"Insider trading" by members of Congress seems to cause similar reactions in most. "Isn't that already illegal?" is the common refrain. And why wouldn't it be, as insider trading lands everyone else in the U.S. -- and most industrialized countries -- in jail and slaps them with huge fines. The fact that a little-known loophole permits members of Congress and their staffs to buy and sell stocks using insider information they might obtain through their official work rightly strikes most citizens as outrageous.
The now infamous 60 Minutes documentary from earlier this month shone a bright light on the obvious opportunities members of Congress and their staffs have to use information gleaned in day-to-day business for personal gain in the stock and commodities markets. The increasing scrutiny seems to be providing the necessary energy to finally spur action on the STOCK Act, introduced in the House of Representatives by Reps. Louise Slaughter (D-N.Y.) and Tim Walz (D-Minn.). This legislation would increase disclosure and highlight conflicts of interests for lawmakers and ensure that they do not benefit from their insider knowledge.
The bill has languished since 2006 due to a lack of attention. However in just the few weeks since this issue was so publicly flagged, the number of co-sponsors in the House on the STOCK Act has grown from nine to 99, and both Sens. Scott Brown (R-Mass.) and Kristen Gillabrand (D-N.Y.) have introduced companion legislation in the Senate that would change Senate rules to ban insider trading. "When members of Congress personally benefit from the legislation that they shape and vote on, there is a clear conflict of interest, and its effect on legislation can be corrosive," Brown wrote in a letter to his colleagues.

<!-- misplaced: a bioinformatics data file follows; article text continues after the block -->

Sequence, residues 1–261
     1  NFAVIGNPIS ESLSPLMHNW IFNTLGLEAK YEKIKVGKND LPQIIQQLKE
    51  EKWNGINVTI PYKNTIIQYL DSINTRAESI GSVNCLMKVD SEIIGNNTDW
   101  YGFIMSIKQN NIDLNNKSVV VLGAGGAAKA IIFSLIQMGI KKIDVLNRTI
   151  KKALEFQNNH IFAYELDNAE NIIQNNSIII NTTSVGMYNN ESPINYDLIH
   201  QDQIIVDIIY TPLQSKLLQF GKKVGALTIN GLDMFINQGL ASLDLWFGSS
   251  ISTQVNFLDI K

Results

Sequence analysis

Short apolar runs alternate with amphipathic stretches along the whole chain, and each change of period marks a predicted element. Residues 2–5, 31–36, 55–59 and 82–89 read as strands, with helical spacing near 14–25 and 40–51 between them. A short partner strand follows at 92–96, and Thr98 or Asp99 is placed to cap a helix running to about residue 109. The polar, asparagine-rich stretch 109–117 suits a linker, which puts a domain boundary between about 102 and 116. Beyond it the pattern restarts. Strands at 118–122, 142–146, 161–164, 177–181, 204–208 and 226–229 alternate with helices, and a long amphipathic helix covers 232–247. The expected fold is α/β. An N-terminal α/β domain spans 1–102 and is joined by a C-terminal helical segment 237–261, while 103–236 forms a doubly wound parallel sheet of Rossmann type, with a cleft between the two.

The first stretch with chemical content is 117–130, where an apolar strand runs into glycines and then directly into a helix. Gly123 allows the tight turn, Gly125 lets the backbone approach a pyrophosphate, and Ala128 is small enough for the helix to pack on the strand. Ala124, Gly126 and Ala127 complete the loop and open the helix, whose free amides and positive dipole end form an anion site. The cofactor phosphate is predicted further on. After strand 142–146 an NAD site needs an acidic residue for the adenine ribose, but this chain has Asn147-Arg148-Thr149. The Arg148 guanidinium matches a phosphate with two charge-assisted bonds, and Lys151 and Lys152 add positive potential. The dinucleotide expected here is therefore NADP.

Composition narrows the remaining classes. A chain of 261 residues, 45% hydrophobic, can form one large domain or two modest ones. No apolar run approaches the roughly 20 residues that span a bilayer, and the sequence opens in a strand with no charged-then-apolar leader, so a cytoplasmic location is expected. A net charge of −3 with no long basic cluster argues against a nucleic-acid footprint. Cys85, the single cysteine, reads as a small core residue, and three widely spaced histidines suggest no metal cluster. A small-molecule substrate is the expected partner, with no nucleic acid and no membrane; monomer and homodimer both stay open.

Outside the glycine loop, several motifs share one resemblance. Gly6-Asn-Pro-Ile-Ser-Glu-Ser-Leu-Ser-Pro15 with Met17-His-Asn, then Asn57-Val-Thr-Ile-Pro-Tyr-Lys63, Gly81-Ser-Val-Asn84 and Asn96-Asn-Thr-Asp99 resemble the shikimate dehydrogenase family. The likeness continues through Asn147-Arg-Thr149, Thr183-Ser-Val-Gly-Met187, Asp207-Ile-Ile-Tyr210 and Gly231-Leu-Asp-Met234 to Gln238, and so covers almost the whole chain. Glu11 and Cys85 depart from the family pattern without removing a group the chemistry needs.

With Sen. Joseph Lieberman (I-Conn.) holding a hearing on the measure this Thursday, and a Dec. 6 hearing in the House scheduled by Rep. Spencer Bachus (R-Ala.) (who chairs the committee and was one of the lawmakers who came under scrutiny from 60 Minutes, though he denied improper trading), the attention on the issue will likely continue to grow.
The attention is warranted, as a report released earlier this year by four universities found that on average, stock portfolios held by House members from 1985 to 2001 beat the market average by approximately 6 percent annually. In 2004, the same group of professors found that the average stock portfolios held by members of the Senate beat the market average by about 10 percent.
The issue is drawing the most unlikely supporters, as even former Alaska Gov. Sarah Palin spoke out in agreement in an opinion article she wrote for The Wall Street Journal. "It's an endemic problem encompassing leadership on both sides of the aisle. It's an entire system of public servants feathering their own nests," she wrote.
Regardless of whether the trading is as widespread as some claim, given the political environment and the unpopularity of Washington, members of Congress appear eager to insulate themselves from the mere suggestion that they have some market advantage over other Americans. Members are jumping on the bill and the bandwagon at top speed to show that they are dealing with the possibility of special perks.
This issue is not a partisan one, but one of ethics, and so it seems likely that the bill will continue to garner the momentum it needs to become law. Hopefully more members will join in this bipartisan effort to apply the insider trading laws uniformly across Congress and head off both the perception and the reality of scandals that otherwise may ensue.
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